George Fan created Plants Vs. Zombies but was laid off by EA several years ago, reportedly because he refused to endorse the pay-to-win system that EA wanted to introduce to the game's sequel.
Fan's story was only recently told by his friend Edmund McMillen, the man behind The Binding of Isaac and Super Meat Boy. Speaking on Alex Larrabee's Roundtable Podcast, McMillen said that Fan was recruited by PopCap, where he made Plants vs. Zombies with a very small team.And while the game was successful for the company, McMillen stresses that it was made with an indie mindset back in 2009 where micro-transaction systems were still in their infancy, and even more synonymous with the pay-to-win structure.
"It was personal," McMillen argued. "Knowing the guy, I can see the characters are personal. Every little piece was something from him. It was his baby."
EA subsequently took control of Plants vs Zombies after it acquired PopCap in 2011. However, McMillen alleges that when EA that proposed the sequel, Plants vs. Zombies 2: It's About Time, have a pay-to-win model that supported in-app purchases, Fan resisted. "He's like "I dunno, that's not really a good idea and I don't want to do that with my game."" Which, we can absolutely understand. Pay-to-win is still a bit of a deathknell for a game, but much less so in 2017 than it was in 2009 or even 2011.
According to McMillen's report, Fan was subsequently fired by EA because of his objections to the micro-transaction system. Fan is now back making independent games including the upcoming Octogeddon.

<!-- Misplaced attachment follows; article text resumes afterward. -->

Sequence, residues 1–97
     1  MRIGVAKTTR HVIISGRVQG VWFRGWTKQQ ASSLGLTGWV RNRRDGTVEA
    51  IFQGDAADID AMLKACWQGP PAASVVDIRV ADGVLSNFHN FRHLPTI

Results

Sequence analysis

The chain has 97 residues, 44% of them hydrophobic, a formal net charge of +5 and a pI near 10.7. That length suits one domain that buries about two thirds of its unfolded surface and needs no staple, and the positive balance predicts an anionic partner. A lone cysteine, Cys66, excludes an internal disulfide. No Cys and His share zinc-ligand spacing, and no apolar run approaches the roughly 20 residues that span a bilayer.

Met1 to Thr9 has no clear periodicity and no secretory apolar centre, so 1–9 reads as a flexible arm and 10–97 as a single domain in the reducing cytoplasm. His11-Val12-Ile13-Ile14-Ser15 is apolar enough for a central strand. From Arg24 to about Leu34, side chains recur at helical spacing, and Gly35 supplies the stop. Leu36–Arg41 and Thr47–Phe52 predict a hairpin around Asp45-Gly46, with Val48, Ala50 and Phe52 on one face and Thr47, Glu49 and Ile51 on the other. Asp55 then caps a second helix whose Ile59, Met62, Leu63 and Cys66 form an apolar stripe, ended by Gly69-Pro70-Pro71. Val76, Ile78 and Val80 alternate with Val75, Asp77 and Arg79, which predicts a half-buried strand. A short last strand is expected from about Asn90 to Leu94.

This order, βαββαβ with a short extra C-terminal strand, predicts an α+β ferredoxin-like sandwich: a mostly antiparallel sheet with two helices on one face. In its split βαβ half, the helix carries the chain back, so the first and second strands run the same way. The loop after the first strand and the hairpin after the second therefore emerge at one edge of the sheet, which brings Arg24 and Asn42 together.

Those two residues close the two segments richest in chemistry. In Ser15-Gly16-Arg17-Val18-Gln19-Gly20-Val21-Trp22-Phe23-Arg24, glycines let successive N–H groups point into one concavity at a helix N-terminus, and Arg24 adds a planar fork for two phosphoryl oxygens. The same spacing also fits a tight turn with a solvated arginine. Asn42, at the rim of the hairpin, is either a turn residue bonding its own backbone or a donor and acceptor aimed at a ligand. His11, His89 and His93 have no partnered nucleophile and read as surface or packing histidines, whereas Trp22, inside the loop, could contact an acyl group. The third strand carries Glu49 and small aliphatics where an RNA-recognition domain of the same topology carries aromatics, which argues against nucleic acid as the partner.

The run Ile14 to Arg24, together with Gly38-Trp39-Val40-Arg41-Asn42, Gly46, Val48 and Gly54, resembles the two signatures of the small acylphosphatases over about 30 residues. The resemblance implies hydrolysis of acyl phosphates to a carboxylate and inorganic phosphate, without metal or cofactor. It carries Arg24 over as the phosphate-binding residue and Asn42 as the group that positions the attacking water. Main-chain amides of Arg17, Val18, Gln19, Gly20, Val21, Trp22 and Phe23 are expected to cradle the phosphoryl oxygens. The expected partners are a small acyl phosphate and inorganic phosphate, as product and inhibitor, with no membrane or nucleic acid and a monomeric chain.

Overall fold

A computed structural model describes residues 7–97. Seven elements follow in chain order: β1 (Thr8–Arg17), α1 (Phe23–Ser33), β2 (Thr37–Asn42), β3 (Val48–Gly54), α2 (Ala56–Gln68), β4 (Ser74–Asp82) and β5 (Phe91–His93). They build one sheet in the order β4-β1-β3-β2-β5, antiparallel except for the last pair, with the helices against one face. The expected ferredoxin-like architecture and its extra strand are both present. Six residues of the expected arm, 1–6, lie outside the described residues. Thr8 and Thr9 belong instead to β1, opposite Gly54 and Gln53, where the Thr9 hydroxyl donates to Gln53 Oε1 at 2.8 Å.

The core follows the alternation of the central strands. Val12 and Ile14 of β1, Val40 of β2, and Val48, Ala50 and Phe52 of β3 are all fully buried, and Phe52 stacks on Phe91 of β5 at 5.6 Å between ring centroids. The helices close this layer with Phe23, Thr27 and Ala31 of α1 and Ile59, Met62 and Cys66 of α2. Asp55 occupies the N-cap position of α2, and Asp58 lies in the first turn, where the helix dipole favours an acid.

"This is such a newsworthy thing and it's frustrated me for years that there aren't news stories about this," McMillen said on Roundtable. And we absolutely have to agree with him. Thanks to the backlash against Battlefront II's micro-transaction system, EA has taken them entirely offline. However, they will be back.
And similar micro-transaction systems are becoming more and more prevalent as games companies strive to make money off of extended play games. And the push-back just gets worse and worse as more and more games release with loot box systems designed to capitalize on the pay-to-win structure. Fans have even petitioned the ESRB to classify loot boxes as "gambling" as a way to curb their use in games. Sadly, the ESRB decided to side with games companies, and as much as we hate it, we can't quite fault their logic.
Updated: Fan released a statement on Twitter this afternoon which served to distance himself from McMillen's statements. You can read it in full below.